It seems like some of my many readers had questions about why I became a vegan (here's looking at you, Grandma ;) ). So, I thought I'd share that story today. For those of you who already know it, do the internet equivalent of plugging your ears and humming to yourself: click on over to Facebook and play Farkle or something. It's a long story, so I'm going to split it into two parts.
Basically, like all things in life, this decision can be blamed on a man (just kidding handsome male readers whom I do not want to alienate!). In this case, a very tiny man - Rylan-man.
I've never been much for meat. The texture grosses me out and, unless it's really well disguised like say in sausage or bacon, the shape of it is just so suggestive of, well, flesh, that that grosses me out, too. I ate meat as a kid, because in my house it was "eat this or nothing" (a philosophy which I respect, by the way). When I became a teenager I started experimenting with vegetarianism, but I didn't really have the luxury to become a vegetarian until I was living on my own.
For many years I was what the awesome authors of How it All Vegan call a "lazy vegetarian". I went through spurts of vegetarianism, going back to meat every few months, mostly when I ate out. I didn't really cook meat at home both because I didn't know how and my attempts were disastrous (charcoal-on-the-outside-raw-in-the-middle pork chops in peanut/maple syrup sauce anyone?), and because raw meat grossed me out. During my carnivore periods, I mostly stuck to really salty unidentifiable meat products like bacon and salami - mostly because they were good with cheese.
This went on and on until I got pregnant with Rylan. During the 1st trimester, I couldn't go near meat - couldn't smell it, couldn't look at it in the store. Culinary school was a nightmare. For the first couple of months all I wanted to eat was fruit and cheese. Ah cheese. I ate at least a pound of sharp cheddar a week. Sometimes all I had for lunch was a bowl full of cheese, which I'd eat with a fork to make it seem more meal-like.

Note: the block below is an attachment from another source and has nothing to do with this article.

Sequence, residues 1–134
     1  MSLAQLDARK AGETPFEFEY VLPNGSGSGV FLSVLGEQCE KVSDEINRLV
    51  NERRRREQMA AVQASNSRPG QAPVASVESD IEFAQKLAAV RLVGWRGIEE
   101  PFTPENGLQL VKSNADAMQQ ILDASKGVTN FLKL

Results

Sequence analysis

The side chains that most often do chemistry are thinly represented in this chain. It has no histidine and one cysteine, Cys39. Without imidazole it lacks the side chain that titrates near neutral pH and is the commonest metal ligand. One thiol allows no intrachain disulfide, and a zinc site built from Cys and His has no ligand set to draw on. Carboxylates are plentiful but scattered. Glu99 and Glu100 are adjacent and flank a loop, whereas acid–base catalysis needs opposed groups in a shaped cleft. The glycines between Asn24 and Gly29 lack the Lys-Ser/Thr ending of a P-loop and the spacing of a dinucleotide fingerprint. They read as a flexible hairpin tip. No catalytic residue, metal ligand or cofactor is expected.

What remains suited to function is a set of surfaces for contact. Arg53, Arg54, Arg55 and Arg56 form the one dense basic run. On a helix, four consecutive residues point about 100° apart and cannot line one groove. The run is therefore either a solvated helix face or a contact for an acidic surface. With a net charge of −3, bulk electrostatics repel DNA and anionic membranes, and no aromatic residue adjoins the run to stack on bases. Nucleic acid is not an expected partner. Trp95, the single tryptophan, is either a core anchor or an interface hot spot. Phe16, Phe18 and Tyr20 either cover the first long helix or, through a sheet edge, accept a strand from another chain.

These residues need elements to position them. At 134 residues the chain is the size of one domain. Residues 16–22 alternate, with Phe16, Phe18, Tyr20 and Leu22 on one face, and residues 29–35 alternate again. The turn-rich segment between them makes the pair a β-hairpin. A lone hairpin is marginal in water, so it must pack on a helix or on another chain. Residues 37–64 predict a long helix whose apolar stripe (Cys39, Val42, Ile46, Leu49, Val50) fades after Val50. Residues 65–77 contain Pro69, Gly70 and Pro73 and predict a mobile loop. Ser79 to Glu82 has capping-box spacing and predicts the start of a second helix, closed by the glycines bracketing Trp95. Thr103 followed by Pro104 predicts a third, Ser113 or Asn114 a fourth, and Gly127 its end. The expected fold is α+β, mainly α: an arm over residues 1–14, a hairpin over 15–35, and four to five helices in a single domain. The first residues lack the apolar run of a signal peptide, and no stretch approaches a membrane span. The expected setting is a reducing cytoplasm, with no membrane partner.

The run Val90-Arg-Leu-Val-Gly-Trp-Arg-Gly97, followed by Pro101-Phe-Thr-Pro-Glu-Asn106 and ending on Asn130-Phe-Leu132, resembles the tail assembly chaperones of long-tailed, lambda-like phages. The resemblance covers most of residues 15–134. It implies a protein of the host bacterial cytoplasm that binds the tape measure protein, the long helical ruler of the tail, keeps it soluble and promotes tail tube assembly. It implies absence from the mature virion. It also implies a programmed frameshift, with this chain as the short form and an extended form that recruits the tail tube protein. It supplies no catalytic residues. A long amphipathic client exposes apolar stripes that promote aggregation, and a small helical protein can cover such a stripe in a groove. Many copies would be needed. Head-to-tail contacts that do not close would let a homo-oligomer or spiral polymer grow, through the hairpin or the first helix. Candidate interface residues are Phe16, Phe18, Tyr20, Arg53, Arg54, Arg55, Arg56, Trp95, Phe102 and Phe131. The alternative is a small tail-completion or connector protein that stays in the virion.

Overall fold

As the pregnancy went on, my nausea went away and my dairy habit expanded to include ice cream. Ah ice cream. I went through 2 cartons of Cookies and Cream a week. I still wasn't really grooving on the whole meat thing, and eggs were starting to gross me out, too, because I was dealing with them en masse at work (ever separated 20 pounds of eggs with your bare hands before? It's not terribly appetizing...), but dairy was my friend...until...
Ry was born! Those of you who know us know Ry had a tough beginning. He was in the NICU for a week. While he was there, he was extraordinarily gassy and fussy, and well, there's no nice way to say this, his poo turned green and watery. It looked like pond water. The NICU doc seemed unconcerned - he's there to save preemies' lives not to look at pond water poo, so we took Ry to see his pediatrician when we left the NICU. The man took one look at the pond water poo, and said, "Looks like a food sensitivity or allergy. Since you're nursing, try cutting out dairy."
Try cutting out dairy? The man was insane, right? You can't live without dairy! You need milk for calcium or your bones will fall apart, right? I spent that evening staring longingly at my Vermont sharp cheddar and Cookies and Cream, and then I threw them out. My commitment to nursing was too strong to give it up because I wanted some nachos.
Dairy was the first step and it was for Rylan (who by the way began making poo of a normal color and consistency and his tummy stopped blowing up like a balloon a week or two after I stopped eating foods with his allergens in them - dairy and wheat). I wasn't eating much meat or eggs at that point anyway, but I'll share the story of how I also cut them out later.
Thanks for reading!